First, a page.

PCC Advances to Final Round of National Pre-Apprenticeship Competition
WINTERVILLE—The U.S. Department of Education announced this month that Pitt Community College has been selected as a finalist in its Rethink Adult Ed Challenge, a national competition to advance pre-apprenticeships for adult learners.
In a Jan. 13 announcement, the department said a panel of adult education, workforce policy and social services experts selected PCC to join 94 other programs from 32 states in the final round of the $750,000-Challenge. A winner of the contest’s $250,000-grand prize will be announced this summer, along with as many as five runners up that will receive at least $100,000 apiece.
“I was very excited to learn that we were chosen as a finalist, especially considering that only 95 programs in the country were selected,” PCC Transitional Studies Director Laurie Weston said. “I think it is a true reflection on the quality program that our teachers and staff at PCC have developed over the years, particularly in the area of college and career readiness.”
Weston, who is spearheading Pitt’s contest participation, said pre-apprenticeship programs are specifically designed to provide students with the foundation and skills needed to become apprentices. The programs, she said, play an important role in helping students select pathways that lead to gainful employment.
“Pre-apprenticeships give students a chance to explore and learn more about particular career fields—the kind of jobs available, what they pay, and the skills needed for success,” Weston said. “They also provide students with support and resources to pursue employment and further their training, once they have chosen a particular path.”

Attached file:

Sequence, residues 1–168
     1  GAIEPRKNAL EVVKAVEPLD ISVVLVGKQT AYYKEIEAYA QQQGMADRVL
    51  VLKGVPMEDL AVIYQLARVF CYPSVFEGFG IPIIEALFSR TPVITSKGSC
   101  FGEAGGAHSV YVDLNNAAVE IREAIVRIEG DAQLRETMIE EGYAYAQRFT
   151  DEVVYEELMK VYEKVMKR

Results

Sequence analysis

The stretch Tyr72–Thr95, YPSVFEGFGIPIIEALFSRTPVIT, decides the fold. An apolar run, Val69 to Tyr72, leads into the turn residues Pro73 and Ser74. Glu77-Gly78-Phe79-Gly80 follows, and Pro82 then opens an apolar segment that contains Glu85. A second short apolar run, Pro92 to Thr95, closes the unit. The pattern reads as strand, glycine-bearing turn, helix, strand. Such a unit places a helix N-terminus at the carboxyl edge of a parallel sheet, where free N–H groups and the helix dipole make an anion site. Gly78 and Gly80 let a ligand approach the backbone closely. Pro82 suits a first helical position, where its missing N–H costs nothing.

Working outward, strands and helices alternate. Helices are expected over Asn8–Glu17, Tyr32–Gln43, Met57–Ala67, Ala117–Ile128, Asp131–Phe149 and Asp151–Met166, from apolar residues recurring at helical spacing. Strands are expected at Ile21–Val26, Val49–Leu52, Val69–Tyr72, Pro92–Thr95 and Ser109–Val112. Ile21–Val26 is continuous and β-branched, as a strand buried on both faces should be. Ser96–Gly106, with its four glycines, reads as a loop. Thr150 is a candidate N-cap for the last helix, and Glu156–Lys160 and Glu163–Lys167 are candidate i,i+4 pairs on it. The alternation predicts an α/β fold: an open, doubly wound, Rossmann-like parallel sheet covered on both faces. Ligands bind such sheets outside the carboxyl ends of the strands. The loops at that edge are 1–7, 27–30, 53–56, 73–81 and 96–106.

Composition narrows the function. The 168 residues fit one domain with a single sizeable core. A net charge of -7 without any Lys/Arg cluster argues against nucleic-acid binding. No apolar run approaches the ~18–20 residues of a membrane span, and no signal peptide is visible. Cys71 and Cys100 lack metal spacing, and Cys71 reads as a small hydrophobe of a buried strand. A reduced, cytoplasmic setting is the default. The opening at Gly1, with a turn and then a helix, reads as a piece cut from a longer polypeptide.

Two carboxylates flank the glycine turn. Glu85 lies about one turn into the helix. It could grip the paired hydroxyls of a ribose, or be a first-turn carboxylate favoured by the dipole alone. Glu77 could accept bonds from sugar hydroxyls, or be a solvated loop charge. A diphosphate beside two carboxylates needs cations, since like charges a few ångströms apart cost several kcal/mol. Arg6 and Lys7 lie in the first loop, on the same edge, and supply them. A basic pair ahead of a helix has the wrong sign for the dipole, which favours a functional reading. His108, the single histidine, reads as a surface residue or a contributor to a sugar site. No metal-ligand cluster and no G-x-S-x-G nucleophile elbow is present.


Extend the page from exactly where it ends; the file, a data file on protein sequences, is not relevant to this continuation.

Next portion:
Weston said the preliminary pre-apprenticeship program that PCC created for the competition aims to help low-literacy adults gain skills and workforce credentials that lead to wage-sustaining employment in the field of Computer Integrated Machining (CIM).
“We purposely chose Computer Integrated Machining in order to focus on one career pathway in Pitt County that is in high demand but currently has low enrollment for training and credentialing,” she said. “And since PCC already has a certified apprenticeship program geared toward advanced manufacturing jobs, our grant team felt the CIM program would be a good start.”
Pitt’s program design, according to Weston, includes academics in the context of machining, employability skills, project-based/experiential learning, and concurrent enrollment in machining courses. She added that on-site job shadowing, mentoring and advising by instructional staff are also built-in, as are industry tours and demonstrations.
Between February and June, PCC will work on fine-tuning its proposed program as part of Stage 2 of the Rethink Challenge. Weston says the college will have access to resources, training, interaction and collaboration to further develop the project during this phase.
“This is an opportunity for us to enhance our Transitional Studies program, increase enrollment, and develop more innovative approaches that help students improve literacy and transition into PCC curricula that lead to good jobs,” Weston said. “Even if we don’t win, we will have had a great opportunity to learn from the best, participate in intensive training, and develop an effective and viable pre-apprenticeship program for adult literacy students wanting to pursue CIM careers. We will also have a model to use for other career pathways in the future.”
Should PCC receive a financial award through the competition, Weston says the money would be used to provide a portion of an apprenticeship specialist’s salary. That individual, she said, would be responsible for developing additional pre-apprenticeships at the college that lead to full apprenticeship opportunities.
Prize funding would also go toward hiring a translator to work with English Language Learners participating in PCC’s pre-apprenticeship program. And it would help pay for National Career Readiness Certificate credentialing for students and professional development for a literacy teacher to gain enough machining knowledge to contextualize the academic portion of the pre-apprenticeship program.